# How do you find the integral of f(x)=x^nsinx^(n-1) using integration by parts?

May 3, 2018

There's no closed form.

#### Explanation:

$I = \int {x}^{n} \sin \left({x}^{n - 1}\right) \mathrm{dx}$

Note that $\int {x}^{n - 2} \sin \left({x}^{n - 1}\right) \mathrm{dx}$ can be solved using the substitution $t = {x}^{n - 1}$, since $\mathrm{dt} = \left(n - 1\right) {x}^{n - 2} \mathrm{dx}$ and we see that the integral becomes

$\int {x}^{n - 2} \sin \left({x}^{n - 1}\right) \mathrm{dx} = \frac{1}{n - 1} \int \left(n - 1\right) {x}^{n - 2} \sin \left({x}^{n - 1}\right) \mathrm{dx}$

$= \frac{1}{n - 1} \int \sin \left(t\right) \mathrm{dt} = \cos \frac{{x}^{n - 1}}{n - 1}$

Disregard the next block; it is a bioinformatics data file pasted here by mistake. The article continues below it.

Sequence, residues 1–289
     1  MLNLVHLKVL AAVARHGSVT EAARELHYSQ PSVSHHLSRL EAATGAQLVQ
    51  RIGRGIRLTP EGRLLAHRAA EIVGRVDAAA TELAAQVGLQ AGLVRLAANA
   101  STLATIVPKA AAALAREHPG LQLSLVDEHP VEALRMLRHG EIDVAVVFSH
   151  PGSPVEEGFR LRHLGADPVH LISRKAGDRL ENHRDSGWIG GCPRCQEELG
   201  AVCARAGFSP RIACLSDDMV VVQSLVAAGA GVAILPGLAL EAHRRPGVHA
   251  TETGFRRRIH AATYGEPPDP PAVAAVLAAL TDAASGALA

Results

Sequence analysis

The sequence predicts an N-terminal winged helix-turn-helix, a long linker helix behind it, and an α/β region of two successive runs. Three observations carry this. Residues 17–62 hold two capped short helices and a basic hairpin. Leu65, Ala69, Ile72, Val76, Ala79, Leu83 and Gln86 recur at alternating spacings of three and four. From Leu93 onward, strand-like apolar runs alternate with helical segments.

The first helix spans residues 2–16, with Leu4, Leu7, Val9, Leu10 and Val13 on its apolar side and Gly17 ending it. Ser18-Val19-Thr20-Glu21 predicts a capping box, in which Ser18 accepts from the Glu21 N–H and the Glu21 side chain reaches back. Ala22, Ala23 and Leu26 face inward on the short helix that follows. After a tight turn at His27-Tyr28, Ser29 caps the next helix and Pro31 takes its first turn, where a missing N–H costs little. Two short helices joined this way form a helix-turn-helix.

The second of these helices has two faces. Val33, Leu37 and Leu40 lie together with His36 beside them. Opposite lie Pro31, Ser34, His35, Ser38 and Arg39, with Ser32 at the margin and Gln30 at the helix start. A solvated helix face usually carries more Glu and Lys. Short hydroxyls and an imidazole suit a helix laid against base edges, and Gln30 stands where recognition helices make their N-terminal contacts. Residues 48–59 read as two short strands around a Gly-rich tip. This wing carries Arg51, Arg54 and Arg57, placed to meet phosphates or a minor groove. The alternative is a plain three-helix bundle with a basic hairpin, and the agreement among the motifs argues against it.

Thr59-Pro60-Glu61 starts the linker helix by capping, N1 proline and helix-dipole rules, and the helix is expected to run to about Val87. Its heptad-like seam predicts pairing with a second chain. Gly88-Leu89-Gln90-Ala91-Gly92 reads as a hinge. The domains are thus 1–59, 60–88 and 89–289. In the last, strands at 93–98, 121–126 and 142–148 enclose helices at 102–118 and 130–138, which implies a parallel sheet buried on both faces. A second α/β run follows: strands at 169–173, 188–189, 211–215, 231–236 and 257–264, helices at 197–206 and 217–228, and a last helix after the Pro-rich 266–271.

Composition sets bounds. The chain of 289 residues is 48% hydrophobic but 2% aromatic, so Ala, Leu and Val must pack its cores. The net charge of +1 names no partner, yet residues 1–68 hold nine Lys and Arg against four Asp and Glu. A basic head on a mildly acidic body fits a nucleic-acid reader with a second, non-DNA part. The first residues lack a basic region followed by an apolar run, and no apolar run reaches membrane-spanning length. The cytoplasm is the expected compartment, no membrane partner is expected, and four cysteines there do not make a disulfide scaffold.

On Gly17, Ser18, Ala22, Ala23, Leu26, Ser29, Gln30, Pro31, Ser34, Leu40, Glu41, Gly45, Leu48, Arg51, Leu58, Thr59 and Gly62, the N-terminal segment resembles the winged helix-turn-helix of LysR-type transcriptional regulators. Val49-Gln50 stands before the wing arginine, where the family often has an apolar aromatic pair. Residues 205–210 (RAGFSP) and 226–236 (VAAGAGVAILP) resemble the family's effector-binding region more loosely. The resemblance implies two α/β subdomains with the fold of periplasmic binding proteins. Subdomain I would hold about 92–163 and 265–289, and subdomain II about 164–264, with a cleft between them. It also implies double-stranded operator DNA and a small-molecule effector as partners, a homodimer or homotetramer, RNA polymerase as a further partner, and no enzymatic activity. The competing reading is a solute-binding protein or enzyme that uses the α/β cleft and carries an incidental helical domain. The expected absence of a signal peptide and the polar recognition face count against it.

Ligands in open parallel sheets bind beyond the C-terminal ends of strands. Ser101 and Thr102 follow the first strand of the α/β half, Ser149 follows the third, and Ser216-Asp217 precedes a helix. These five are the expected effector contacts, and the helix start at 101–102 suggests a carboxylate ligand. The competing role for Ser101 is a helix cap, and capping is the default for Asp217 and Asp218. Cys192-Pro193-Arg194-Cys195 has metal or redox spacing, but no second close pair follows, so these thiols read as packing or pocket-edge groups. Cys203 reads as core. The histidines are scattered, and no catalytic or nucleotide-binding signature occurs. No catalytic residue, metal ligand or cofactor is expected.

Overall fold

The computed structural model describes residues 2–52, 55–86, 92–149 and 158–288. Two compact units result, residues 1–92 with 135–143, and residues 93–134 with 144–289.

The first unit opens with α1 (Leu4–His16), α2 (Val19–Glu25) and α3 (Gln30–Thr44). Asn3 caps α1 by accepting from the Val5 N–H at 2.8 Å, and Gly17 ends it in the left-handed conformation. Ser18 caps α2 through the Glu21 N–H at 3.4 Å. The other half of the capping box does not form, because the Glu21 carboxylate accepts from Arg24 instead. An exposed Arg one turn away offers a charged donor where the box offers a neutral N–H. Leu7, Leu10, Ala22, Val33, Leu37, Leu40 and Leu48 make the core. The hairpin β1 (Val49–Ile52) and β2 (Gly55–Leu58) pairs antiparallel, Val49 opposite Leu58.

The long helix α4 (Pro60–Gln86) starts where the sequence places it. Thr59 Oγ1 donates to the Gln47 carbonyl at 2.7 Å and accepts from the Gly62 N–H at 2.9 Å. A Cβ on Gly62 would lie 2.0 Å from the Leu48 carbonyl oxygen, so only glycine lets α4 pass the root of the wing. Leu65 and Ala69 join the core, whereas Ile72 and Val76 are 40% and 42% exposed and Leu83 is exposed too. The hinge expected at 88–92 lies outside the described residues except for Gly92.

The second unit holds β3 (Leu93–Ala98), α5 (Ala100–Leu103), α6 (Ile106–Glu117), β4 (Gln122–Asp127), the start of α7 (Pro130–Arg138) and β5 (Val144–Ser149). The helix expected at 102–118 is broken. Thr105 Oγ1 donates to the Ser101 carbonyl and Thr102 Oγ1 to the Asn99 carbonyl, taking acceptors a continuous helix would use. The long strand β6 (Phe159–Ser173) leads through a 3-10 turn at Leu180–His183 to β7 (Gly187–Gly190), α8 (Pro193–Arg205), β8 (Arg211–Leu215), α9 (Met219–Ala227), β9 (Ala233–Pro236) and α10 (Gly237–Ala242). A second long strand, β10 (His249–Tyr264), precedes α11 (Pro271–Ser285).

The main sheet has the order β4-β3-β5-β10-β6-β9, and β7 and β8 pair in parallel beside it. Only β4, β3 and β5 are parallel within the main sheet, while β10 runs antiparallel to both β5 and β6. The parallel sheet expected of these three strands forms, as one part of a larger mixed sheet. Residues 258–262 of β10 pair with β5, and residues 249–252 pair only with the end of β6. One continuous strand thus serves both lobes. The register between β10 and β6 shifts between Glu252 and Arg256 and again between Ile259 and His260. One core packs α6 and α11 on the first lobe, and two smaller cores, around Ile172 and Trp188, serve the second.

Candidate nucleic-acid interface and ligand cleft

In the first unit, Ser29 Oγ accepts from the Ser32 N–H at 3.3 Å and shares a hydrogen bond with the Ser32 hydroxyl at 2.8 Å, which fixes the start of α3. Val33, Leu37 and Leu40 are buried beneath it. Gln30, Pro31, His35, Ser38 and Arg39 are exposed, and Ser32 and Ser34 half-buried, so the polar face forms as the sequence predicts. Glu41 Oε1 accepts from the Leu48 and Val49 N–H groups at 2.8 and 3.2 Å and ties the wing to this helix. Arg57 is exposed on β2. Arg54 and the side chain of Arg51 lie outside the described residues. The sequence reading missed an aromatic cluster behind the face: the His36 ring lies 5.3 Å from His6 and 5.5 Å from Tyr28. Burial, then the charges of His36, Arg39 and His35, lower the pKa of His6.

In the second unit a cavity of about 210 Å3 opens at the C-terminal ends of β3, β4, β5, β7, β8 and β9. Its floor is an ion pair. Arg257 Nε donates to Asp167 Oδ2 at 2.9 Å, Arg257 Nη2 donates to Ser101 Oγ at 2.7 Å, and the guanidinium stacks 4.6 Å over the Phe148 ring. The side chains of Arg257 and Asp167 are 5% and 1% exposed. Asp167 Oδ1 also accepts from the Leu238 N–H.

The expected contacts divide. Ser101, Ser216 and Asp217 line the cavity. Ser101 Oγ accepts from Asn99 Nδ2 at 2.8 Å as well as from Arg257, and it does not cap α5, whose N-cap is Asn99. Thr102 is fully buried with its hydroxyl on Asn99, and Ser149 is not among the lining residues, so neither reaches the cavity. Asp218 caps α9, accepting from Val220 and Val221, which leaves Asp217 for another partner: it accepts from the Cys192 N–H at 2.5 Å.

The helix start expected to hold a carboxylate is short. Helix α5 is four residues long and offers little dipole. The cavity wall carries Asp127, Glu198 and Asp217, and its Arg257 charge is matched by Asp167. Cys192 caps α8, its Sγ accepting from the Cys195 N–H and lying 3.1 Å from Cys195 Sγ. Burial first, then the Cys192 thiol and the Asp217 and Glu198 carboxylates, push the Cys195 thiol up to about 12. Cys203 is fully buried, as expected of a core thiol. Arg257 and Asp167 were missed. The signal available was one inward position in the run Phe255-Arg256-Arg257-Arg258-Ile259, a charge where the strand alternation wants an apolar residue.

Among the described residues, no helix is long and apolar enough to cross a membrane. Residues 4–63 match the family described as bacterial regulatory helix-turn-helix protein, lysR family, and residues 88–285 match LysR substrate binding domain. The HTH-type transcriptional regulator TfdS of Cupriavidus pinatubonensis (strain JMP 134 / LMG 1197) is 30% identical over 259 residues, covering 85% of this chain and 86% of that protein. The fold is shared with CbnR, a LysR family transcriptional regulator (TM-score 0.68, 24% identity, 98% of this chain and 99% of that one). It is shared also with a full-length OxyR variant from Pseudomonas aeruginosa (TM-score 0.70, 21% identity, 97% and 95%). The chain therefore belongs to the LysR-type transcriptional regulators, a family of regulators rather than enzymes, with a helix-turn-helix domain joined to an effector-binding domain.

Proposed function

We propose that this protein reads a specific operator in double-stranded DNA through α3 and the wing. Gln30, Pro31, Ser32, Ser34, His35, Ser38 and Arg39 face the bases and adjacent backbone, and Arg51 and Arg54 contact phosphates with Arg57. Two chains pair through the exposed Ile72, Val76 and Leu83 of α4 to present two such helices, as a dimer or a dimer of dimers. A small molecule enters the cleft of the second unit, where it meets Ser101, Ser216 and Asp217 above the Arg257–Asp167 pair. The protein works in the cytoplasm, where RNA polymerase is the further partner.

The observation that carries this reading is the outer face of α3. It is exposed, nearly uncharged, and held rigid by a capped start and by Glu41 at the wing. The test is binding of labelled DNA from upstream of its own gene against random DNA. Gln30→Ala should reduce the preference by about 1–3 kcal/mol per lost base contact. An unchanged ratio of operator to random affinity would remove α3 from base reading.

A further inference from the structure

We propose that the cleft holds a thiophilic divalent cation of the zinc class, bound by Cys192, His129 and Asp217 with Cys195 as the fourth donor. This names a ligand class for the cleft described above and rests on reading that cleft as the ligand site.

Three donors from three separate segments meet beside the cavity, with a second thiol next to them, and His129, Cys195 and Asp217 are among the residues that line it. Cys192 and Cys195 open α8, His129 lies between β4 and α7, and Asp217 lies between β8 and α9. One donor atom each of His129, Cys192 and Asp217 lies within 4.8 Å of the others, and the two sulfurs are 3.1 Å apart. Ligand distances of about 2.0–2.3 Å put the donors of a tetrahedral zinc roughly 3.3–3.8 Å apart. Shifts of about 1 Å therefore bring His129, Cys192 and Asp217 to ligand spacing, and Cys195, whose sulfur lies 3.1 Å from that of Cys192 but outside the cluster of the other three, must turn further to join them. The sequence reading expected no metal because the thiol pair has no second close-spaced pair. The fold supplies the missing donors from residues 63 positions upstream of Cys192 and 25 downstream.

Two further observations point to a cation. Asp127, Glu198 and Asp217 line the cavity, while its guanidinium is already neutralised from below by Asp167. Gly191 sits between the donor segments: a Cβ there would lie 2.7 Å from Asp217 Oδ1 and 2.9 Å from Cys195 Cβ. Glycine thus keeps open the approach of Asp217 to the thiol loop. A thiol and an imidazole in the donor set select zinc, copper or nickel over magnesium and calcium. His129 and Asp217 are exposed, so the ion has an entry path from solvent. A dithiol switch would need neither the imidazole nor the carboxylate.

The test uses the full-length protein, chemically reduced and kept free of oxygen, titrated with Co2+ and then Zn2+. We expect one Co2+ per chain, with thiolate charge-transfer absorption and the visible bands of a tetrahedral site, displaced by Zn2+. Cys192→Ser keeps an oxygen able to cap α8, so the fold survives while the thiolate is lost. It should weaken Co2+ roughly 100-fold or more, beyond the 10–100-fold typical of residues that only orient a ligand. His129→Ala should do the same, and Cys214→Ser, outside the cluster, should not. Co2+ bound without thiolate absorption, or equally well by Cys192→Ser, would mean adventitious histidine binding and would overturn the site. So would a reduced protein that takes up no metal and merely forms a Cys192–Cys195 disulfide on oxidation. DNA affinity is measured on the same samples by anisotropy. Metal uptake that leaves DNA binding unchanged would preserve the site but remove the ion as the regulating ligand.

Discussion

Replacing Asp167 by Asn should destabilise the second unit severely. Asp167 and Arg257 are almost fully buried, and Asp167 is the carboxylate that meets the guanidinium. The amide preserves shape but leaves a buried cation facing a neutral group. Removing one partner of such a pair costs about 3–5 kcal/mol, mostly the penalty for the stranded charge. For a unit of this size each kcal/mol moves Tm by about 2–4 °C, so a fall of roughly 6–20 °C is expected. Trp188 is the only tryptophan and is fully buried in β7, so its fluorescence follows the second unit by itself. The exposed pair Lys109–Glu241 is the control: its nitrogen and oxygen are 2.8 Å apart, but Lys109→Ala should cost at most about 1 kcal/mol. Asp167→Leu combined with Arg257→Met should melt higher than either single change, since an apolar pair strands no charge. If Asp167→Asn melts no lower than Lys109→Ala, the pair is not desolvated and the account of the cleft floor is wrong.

Motivated by this integrable function, let's rewrite $I$:

$I = \int {x}^{2} {x}^{n - 2} \sin \left({x}^{n - 1}\right) \mathrm{dx}$

Now, let $\mathrm{dv} = {x}^{n - 2} \sin \left({x}^{n - 1}\right) \mathrm{dx}$ and let $u = {x}^{2}$. As we already determined, these mean that $v = \cos \frac{{x}^{n - 1}}{n - 1}$ and it's easy to see that $\mathrm{du} = 2 x \mathrm{dx}$. Then:

$I = u v - \int v \mathrm{du} = \frac{{x}^{2} \cos \left({x}^{n - 1}\right)}{n - 1} - \frac{2}{n - 1} \int x \cos \left({x}^{n - 1}\right) \mathrm{dx}$

Unfortunately, this integral has no closed form. Did you type your question right?